“They certainly made a step forward, but I think there is more that they could do,” Ayotte told NHPR.

In 2013 Ayotte told NHPR the entire line should be buried.

But Saturday she stopped short of saying that’s still her position.

She said she is still studying the change.

Chris Jensen for NHPR

The Raymond S. Burton Museum and Learning Center opened in Bath Saturday to honor the man who represented the North Country for more than 30 years, serving as both a Grafton County Commissioner and Executive Council member. He died in 2013 of kidney cancer.

Chris Jensen for NHPR

Friends and foes of the Northern Pass project will have another chance to express their views next month at a series of public meetings around the state.

Under state regulations Northern Pass must hold such meetings at least 30 days before it can file an application with the Site Evaluation Committee.

In addition to federal approval the SEC’s approval is necessary for the project to be built.

The format includes a project overview  from 6:00 to 6:30 p.m. There will be questions and answers from 6:30 to 7:30 with comments taken from 7:30 to 10:30 pm.


The VA has opened a new health clinic in Colebrook, part of a plan to expand coverage to veterans in the North Country.

It is using some exam room and office space at the Indian Stream Health Center, says Dr. Hugh Huizenga, the Chief of Primary Care at the White River Junction Veterans Affairs Medical Center.

It is starting out two days a week but plans to expand to every weekday as new staffers are hired, he said.

It will offer services including primary care and mental-health counseling.

Chris Jensen for NHPR

At this time of year farms across the state are brimming with corn and tomatoes, zucchini and beans.  And if you stop by one of those farms to pick up some of that fresh produce it’s then up to you to find a way to prepare it at home.  But at Ski Hearth Farm in Sugar Hill you can pick up dinner such as new potatoes with season pesto; chilled chickpea-tahini soup and a salad, all ready to go.

Davis and Tina Mangold recently bought the well-known farm once owned by Sel Hannah. And it was their idea to start preparing carry out dinners.

Department of Energy

Last week Eversource official Lee Olivier told analysts that the company still thinks completely burying the Northern Pass line is “unnecessary” and “prohibitively expensive.”

But, he said, some additional burial might be possible.

That comes in response to the release of a new report from the Department of Energy that includes a look at the issue.

For years opponents of the controversial Northern Pass project have contended the overhead transmission lines could be buried.

And Northern Pass officials have insisted burial is too expensive.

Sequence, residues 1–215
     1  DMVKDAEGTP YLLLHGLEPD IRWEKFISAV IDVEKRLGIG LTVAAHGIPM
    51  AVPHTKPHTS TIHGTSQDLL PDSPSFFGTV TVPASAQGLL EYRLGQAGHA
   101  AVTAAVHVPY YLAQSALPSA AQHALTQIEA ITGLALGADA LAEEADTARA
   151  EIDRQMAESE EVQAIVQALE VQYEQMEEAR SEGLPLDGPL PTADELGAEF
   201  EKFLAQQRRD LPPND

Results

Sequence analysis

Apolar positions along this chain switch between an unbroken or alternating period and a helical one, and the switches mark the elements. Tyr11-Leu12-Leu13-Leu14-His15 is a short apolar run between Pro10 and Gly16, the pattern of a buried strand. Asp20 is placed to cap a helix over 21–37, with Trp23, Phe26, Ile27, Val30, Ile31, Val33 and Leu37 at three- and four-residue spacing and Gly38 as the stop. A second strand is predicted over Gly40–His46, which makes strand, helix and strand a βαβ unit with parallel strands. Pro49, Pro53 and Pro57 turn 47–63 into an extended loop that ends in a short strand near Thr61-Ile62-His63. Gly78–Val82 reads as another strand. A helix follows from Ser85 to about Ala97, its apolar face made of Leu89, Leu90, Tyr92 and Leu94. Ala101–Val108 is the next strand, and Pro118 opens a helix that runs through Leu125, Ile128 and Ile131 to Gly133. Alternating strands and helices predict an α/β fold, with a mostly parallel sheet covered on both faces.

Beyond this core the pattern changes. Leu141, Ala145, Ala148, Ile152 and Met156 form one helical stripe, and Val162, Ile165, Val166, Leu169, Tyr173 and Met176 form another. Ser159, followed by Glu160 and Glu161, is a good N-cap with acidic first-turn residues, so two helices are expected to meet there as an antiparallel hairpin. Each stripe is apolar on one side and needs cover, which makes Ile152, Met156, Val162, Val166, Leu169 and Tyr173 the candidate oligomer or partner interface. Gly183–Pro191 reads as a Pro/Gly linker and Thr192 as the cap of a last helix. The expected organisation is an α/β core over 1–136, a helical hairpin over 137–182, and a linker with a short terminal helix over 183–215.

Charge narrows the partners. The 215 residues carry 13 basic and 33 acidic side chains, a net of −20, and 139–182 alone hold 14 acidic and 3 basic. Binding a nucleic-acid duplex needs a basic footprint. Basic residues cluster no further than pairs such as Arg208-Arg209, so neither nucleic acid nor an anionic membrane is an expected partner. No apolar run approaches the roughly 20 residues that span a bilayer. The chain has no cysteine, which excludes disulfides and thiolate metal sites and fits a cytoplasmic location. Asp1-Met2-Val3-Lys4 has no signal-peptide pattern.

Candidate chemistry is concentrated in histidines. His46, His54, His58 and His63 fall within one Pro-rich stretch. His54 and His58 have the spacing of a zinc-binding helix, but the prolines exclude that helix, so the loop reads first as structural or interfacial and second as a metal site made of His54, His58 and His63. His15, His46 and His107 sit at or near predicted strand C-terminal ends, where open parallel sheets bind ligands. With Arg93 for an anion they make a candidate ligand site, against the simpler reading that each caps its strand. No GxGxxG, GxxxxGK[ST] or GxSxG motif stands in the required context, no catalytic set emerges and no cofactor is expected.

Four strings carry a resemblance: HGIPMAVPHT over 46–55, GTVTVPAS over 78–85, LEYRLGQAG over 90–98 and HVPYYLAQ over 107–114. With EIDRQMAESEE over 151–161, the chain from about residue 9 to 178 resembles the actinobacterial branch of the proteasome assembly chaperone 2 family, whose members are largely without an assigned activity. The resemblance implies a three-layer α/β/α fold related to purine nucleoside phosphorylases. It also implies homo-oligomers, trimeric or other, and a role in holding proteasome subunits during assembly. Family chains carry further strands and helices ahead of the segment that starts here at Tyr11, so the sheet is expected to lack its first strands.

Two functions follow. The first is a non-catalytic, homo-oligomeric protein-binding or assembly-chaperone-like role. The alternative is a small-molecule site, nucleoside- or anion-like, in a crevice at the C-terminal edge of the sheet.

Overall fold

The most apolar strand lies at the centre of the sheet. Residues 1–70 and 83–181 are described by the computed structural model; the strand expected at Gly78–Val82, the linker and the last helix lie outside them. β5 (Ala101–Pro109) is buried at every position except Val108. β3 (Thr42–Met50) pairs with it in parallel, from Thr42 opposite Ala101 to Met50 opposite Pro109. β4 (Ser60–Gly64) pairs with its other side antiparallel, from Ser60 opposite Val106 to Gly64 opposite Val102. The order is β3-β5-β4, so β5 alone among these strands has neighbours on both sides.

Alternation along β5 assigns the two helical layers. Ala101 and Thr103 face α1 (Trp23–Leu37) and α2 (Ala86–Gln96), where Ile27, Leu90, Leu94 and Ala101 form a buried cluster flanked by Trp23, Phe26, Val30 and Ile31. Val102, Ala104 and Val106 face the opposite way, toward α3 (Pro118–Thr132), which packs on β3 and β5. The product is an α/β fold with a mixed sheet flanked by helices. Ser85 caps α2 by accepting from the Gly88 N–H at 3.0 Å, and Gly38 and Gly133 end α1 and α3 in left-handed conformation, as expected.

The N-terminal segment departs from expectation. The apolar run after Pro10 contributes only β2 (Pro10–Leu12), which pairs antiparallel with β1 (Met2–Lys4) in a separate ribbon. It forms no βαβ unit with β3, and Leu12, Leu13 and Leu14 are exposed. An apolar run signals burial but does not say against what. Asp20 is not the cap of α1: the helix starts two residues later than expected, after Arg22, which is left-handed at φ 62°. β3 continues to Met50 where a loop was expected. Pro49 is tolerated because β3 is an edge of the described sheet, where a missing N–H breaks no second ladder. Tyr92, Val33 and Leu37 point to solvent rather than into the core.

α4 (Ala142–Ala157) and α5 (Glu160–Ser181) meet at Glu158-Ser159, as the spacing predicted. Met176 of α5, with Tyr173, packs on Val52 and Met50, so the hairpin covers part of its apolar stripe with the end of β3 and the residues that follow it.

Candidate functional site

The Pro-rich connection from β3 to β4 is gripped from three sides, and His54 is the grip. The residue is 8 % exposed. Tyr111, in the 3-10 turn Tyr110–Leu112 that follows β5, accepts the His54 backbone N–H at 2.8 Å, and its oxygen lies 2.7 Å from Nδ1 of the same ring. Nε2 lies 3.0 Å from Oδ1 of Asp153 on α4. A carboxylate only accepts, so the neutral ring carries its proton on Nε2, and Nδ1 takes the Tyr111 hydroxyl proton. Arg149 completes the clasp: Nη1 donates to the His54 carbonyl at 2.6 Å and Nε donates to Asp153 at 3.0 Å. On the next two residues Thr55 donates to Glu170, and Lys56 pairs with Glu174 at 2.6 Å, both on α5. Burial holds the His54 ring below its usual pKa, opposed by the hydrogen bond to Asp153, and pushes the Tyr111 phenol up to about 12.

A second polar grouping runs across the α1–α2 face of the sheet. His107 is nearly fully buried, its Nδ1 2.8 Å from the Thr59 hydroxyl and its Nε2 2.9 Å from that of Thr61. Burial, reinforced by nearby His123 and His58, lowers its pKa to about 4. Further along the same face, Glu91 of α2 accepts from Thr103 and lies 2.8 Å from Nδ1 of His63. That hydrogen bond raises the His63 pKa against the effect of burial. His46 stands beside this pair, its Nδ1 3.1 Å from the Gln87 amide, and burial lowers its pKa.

A state official says about 50 people -- roughly half of the spectators in the circus tent that collapsed in Lancaster Monday killing a man and his daughter -- sustained some kind of injuries, although many were minor.

Chris Jensen for NHPR



State officials say the father and daughter killed Monday evening in the collapse of a circus tent in Lancaster were from Concord, Vermont.

They were identified as 41 year-old Robert Young, and his six-year-old daughter Annabelle,

State fire marshal Bill Degnan said they died of “blunt force trauma” from beams that had been supporting the tent.

At a news conference Tuesday afternoon Degnan also faulted the circus operators.

“The circus did not have a place-of-assembly permit and that is one of the things were are looking into.”

Chris Jensen for NHPR

Update at 3:30 p.m.

Authorities say the father and daughter who were killed when the circus tent collapsed during the storm were from the town of Concord, Vermont.

They were identified Tuesday as 41-year-old Robert Young and 8-year-old Annabelle Young. Fire Marshal William Degnan says an autopsy showed they died of blunt force trauma.

Chris Jensen for NHPR

State officials will be investigating Tuesday whether a circus tent at the Lancaster fairgrounds that collapsed in a storm Monday evening - killing a father and daughter - was properly set up, State Fire Marshal Bill Degnan said.

Gov. Maggie Hassan is asking anyone who was there to reach out to the fire marshal's office.

Dixville Capital

More details on the proposed redevelopment of the Balsams Resort in the North Country are available as developers seek a zoning change in the North Country.

The new Balsams resort would start with 4,600 “dwelling units” ranging from hotel rooms to condos.

Its core would be called the Balsams Lake Village and would be anchored around the historic Dix and Hampshire houses, which would be “largely preserved.” The village would include shops and restaurants.

Chris Jensen for NHPR

The resurrection of the closed Balsams Resort in the North Country got past a critical hurdle Thursday as state officials approved a request to take water from the Androscoggin River for snowmaking.

The Department of Environmental Services report said the Balsams’ developers could take about 22 million gallons of water a day and pump it about nine miles to the resort.

Chris Jensen for NHPR

When it comes to what floats your boat there are many possibilities.

For a retired North Country doctor it is literally corks.

About 65,000 wine corks are keeping his home-built catamaran afloat on the Connecticut River and on a recent morning at the Bedell State Park near Haverhill a group of teenagers was transfixed when they saw it in the water.

“Look at that guys, the boat is made out of wine corks!"

"No way."

"You drank all the wine yourself, right?"

"That is so sick."


The Department of Energy has released a long-awaited draft of its Environmental Impact Statement examining the Northern Pass project as well as alternatives including complete or partial burial.

The agency found that full burial of the lines would have the smallest impact visually but would be about twice as expensive.

However, it would also provide about 1,500 jobs, almost twice as many as putting the lines overhead.

Chris Jensen for NHPR

A series of violent thunderstorms struck the North Country Sunday evening with the worst hitting Littleton and Bethlehem just before 7 p.m., said Michael Cempa with the National Weather Service in Gray, Maine.

“We were indicating fifty to sixty mile per hour gusts on our radar.”

Within minutes dozens of trees were felled, often blocking roads.

At one point one lane of Interstate 93 in Bethlehem was closed by a downed tree.

Nicole McGrath and her daughter were just trying to drive to their home in Bethlehem when one of those trees hit their car.